National Museum of African American History and Culture Brings “Treasures” to Detroit Nov. 20

October 25, 2010
News Release

The Smithsonian’s National Museum of African American History and Culture will co-host a daylong program to help Detroit-area residents identify and preserve items of historical and cultural significance tucked away in the attics, closets and basements of their homes. Presented in collaboration with the Detroit Public Library, the event will feature presentations, hands-on activities and preservation tips.

The program will take place Saturday, Nov. 20, from 10 a.m. to 4 p.m., at the main branch of the library at 5201 Woodward Avenue in Detroit. It will feature welcoming remarks by Lonnie Bunch, founding director of the museum, and Jo Anne G. Mondowney, executive director of the library. Free and open to the public, the event is the eighth in a series from the museum’s signature program “Save Our African American Treasures: A National Collections Initiative of Discovery and Preservation.”

Participants can reserve in advance to bring up to three personal items for a 20-minute, one-on-one professional consultation with experts on how to care for them. The specialists will serve as reviewers, not appraisers, and will not determine items’ monetary values. Objects such as books, paper and textiles no larger than a shopping bag (furniture, carpets, firearms and paintings are excluded) can be reviewed. Those wishing to have items reviewed must make reservations by
e-mailing or by calling toll free (877) 733-9599. Reservations are not required for those not wishing a one-on-one consultation. Additional information is available at

“We are extremely proud to bring ‘Save our African American Treasures’ to Detroit,” said Bunch. “We encourage people to become aware of what they have, to protect it and to preserve it so the story of African Americans in this country can be told. Nineteenth- and 20th-century objects—family photographs, military uniforms, farm tools and wedding dresses—can help tell this story for future generations; if we do not act now to preserve these items, the tangible evidence of a critical component of American history will be lost.”

“We are excited and pleased to provide Detroit-area residents the opportunity to discover, preserve and celebrate their personal histories,” said Mondowney. Their participation in this worthwhile event will have a lasting and loving impact on generations yet unborn.”

As a key stop on the Underground Railroad, a major destination in the Great Migration, the city where the Motown sound was born and Rosa Parks called home, Detroit’s significance to the history of African Americans cannot be overlooked. It is the artifacts of this rich history that “Treasures” seeks to preserve.

The “Treasures” program also includes the following sessions:

  • Preservation Presentations:Informal basic preservation sessions will take place during the day. The first session will provide information about the treasures in the Detroit Public Library’s special collections. During the following session participants can learn about how to preserve textiles and how the National Museum of African American History and Culture will use textiles to tell stories in its new museum. The final two sessions of the day will be dedicated to the preservation of paper and digital photographs.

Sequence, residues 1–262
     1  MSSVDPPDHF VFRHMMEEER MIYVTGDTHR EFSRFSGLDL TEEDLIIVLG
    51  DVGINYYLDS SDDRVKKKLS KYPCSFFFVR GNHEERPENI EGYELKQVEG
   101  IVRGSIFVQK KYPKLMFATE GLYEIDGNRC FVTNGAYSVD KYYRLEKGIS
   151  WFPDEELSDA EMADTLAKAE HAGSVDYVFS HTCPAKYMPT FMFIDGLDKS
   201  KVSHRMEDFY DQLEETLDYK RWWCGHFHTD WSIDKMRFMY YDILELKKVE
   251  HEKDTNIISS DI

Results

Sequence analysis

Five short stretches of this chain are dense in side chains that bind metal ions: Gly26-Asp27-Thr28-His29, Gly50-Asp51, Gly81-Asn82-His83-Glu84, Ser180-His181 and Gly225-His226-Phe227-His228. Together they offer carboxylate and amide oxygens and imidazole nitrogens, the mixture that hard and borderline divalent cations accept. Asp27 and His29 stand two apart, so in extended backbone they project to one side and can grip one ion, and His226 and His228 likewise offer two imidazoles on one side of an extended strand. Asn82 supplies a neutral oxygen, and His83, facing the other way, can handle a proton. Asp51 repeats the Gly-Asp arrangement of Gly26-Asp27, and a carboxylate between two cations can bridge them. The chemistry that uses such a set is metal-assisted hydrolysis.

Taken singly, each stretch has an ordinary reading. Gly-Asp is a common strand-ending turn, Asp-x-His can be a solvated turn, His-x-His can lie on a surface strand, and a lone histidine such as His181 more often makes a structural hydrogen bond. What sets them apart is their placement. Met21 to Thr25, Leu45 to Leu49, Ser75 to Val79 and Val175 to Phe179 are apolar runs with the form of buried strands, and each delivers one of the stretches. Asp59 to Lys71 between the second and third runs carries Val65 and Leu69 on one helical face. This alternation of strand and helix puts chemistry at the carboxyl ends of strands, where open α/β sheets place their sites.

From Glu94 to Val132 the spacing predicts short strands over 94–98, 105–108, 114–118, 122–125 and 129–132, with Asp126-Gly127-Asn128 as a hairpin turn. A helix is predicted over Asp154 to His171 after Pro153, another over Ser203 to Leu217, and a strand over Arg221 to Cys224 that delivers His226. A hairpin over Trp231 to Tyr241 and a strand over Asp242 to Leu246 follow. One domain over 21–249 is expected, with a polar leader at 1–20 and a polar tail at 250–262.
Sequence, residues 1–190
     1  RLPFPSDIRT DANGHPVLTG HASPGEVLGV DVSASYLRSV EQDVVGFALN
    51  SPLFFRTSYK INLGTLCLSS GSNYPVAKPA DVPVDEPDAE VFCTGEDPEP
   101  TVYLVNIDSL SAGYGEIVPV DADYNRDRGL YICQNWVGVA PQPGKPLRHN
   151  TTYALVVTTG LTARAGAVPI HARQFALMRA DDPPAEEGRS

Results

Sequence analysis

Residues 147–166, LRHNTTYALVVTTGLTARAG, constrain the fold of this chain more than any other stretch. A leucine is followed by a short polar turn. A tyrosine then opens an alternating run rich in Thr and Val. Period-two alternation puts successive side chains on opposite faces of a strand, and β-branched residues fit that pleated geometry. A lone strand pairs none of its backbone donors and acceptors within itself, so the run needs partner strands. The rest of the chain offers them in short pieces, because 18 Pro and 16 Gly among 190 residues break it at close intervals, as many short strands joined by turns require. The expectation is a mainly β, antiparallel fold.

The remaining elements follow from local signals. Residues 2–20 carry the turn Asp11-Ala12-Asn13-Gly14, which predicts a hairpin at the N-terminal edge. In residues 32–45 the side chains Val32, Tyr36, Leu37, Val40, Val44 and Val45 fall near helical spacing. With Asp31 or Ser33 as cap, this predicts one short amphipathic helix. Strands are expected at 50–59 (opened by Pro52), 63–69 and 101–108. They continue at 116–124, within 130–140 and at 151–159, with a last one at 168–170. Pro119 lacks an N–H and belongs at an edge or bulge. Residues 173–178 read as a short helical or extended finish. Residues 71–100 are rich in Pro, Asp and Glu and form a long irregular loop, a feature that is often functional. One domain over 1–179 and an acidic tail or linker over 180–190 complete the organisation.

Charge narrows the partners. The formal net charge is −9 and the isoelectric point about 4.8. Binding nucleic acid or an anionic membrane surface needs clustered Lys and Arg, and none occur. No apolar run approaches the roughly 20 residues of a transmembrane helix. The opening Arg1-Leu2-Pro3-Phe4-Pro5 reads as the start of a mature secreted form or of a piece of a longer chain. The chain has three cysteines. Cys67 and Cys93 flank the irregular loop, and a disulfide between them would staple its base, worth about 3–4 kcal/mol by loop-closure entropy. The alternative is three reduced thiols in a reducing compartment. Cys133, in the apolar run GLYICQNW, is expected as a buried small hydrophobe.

• Hands-on Preservation:In this hands-on activity, participants are invited to learn how to properly store letters, pack garments and prepare photographs for preservation storage and presentation.

  • Oral Histories:Participants may record a brief personal memory, a family story or a memory of a historical event. Family members are encouraged to interview each other.

Also on hand at the event will be Mix 93 FM's Foody who will distribute door prizes and conduct call-ins to the station.

Future events will be held in Jackson, Miss., and New York City. “Save our African American Treasures” was made possible with support from the Bank of America Charitable Foundation and the W.K. Kellogg Foundation. The grants also support the pre-design and construction of the museum on the National Mall in Washington, D.C., scheduled to open in 2015.

As a companion to the series, the museum has produced African American Treasures: A Preservation Guide, a 30-page guidebook that is distributed free to attendees and to individuals, community groups and educators to highlight the importance of proper preservation techniques. The guidebook is part of the “Treasures” kit. Also distributed will be white cotton gloves, archival tissue papers and archival documents sleeves to help people keep their personal treasures safe.

The National Museum of African American History and Culture was established in 2003 by an Act of Congress, making it the 19th Smithsonian Institution museum. Scheduled for completion in 2015, it will be built on the National Mall in Washington, D.C., on a five-acre tract adjacent to the Washington Monument. Currently, during the pre-building phase, the museum is producing publications, hosting public programs and assembling collections. It is presenting exhibitions at other museums across the country and at its own gallery at the National Museum of American History. For more information about the museum, visit or call Smithsonian information at
(202) 633-1000, (202) 633-5285 (TTY).

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